The proposed construction would go through the middle of Garner, causing some homes to be torn down and other to plummet in value.
"The Red Route has us on a stand still here," Realtor Paul Capps said.
The Village at Aversboro is a new retirement community in Garner, which remains under development, but no building have been constructed in months because of the potential extension of the Red Route.
Capps says sales were on fire until last October when the Red Route came up as a possible alternative to the long standing "Orange Route," which would bring 540 south of Garner.
The Red Route literally splits Aversboro in half and cuts through a number of parks. The route could cost the city hundreds of jobs and could mean hundreds of families will be forced out of their homes.
"It's just a line on a map, but it affects tremendously people's lives," Wake County Republican Senator Richard Stevens explained.
Stevens represents Garner and proposed a bill to take the Red Route off the map.
"The legislation does one thing and one thing only, it says to the dot, not this route," Stevens said.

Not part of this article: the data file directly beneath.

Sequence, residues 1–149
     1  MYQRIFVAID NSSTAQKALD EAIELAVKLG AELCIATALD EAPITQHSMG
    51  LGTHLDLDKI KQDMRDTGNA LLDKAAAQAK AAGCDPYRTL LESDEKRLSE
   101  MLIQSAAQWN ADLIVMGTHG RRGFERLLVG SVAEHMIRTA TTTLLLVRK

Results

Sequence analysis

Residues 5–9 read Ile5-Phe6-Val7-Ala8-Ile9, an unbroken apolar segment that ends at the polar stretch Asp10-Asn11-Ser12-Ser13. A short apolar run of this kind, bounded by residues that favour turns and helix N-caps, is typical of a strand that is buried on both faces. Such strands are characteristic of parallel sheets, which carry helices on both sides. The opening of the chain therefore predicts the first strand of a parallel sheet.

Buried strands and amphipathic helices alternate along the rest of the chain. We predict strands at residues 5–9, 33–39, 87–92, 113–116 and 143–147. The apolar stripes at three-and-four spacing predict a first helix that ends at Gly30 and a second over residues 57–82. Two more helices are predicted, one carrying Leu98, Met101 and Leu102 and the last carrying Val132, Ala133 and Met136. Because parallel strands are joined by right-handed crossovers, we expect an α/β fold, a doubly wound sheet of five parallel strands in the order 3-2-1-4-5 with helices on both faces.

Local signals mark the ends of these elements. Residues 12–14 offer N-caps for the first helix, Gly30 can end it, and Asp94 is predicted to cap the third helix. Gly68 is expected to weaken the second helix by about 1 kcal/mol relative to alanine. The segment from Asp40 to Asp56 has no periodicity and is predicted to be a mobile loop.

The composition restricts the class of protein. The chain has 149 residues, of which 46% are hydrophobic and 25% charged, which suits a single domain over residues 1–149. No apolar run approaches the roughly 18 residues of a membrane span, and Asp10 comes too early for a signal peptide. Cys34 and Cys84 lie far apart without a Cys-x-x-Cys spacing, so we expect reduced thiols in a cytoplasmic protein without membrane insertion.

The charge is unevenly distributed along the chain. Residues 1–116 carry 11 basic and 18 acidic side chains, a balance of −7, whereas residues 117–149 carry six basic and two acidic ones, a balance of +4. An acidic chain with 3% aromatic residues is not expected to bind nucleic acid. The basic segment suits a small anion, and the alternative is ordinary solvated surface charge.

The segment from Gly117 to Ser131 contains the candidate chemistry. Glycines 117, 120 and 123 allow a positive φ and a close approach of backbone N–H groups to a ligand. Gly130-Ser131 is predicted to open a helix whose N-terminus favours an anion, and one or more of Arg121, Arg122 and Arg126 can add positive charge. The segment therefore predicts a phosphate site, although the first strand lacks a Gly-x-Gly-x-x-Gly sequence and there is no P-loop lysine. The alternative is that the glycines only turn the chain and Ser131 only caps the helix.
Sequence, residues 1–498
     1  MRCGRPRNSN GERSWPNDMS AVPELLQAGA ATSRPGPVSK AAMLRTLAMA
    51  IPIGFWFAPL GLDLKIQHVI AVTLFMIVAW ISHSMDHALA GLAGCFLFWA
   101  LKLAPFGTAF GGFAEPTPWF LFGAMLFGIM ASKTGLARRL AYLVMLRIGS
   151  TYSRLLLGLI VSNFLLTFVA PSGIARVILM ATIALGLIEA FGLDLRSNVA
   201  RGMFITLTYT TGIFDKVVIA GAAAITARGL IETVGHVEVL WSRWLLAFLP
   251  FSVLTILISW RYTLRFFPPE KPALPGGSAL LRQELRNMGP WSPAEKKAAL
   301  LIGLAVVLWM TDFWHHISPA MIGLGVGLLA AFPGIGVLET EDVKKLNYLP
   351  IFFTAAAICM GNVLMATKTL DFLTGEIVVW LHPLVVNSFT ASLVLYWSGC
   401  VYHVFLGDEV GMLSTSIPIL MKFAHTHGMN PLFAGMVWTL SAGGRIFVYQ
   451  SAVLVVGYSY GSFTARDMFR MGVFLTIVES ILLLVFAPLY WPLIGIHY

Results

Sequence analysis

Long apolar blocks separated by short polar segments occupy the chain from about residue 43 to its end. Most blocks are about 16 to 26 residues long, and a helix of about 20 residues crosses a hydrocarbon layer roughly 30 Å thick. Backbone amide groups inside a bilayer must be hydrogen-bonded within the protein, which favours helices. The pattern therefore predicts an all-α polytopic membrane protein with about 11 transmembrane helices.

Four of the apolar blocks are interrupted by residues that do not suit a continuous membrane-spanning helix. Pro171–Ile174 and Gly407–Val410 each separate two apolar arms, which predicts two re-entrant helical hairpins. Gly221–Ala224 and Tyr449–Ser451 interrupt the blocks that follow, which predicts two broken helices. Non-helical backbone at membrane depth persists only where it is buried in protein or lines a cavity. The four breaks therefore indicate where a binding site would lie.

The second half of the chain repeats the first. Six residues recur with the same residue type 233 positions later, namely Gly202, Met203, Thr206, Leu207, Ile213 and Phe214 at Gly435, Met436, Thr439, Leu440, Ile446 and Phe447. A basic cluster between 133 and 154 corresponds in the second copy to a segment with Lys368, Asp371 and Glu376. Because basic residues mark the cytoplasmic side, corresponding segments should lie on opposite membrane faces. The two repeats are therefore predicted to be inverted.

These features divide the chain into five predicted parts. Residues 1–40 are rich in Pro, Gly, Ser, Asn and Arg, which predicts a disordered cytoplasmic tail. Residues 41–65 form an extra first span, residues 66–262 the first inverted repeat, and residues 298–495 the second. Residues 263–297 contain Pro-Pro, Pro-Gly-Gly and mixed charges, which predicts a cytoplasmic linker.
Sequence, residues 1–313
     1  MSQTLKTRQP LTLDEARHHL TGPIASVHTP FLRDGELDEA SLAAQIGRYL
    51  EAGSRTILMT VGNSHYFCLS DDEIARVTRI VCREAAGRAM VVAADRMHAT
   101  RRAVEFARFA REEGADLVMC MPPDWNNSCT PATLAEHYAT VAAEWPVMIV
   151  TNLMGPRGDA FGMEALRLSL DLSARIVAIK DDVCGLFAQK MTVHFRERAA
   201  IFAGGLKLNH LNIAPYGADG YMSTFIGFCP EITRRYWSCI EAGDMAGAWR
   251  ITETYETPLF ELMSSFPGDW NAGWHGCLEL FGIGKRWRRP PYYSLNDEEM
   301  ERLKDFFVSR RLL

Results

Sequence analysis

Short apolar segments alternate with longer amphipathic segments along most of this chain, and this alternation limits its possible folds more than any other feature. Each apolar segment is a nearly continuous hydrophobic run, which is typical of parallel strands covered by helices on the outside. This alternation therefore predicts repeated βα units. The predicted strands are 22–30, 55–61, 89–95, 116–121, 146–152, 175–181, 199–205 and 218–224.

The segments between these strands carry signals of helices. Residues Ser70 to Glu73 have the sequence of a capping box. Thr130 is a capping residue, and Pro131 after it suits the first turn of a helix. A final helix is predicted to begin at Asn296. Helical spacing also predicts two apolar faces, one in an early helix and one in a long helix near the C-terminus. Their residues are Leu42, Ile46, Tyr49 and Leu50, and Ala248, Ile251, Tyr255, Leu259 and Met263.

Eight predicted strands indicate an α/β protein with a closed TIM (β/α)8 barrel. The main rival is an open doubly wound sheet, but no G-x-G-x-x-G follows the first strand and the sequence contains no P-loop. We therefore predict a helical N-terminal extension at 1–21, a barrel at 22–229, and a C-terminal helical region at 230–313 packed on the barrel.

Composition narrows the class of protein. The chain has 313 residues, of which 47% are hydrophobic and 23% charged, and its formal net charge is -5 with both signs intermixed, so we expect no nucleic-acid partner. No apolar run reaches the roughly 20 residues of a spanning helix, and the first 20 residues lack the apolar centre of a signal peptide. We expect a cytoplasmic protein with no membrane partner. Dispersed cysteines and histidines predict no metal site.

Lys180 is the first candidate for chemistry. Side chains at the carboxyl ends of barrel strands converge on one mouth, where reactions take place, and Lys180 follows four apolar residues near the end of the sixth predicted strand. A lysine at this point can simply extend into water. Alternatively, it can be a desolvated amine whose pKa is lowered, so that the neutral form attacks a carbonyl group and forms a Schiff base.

Turnpike Authority Chief Engineer Steve Dewitt says Turnpike Authority never intended to go with the Red Route. He says federal environmental regulations require them to study alternative paths and that taking any off the table could put federal funding at risk, delaying the project.
"When certain routes are prevented from being studied, it could affect long term our ability to do the things that we need to do," Dewitt said.
However, those who live and work in the area say the Red Route is paralyzing. Business, real estate and new development are all on hold.
Residents and business owners hope lawmakers will do what the DOT has not done and say once and for all that 540 will not cut through Garner.
The bill was unanimously approved in the Senate earlier this month. Thursday the House will consider it. It's expected to pass and if it does, it will go to Governor Perdue.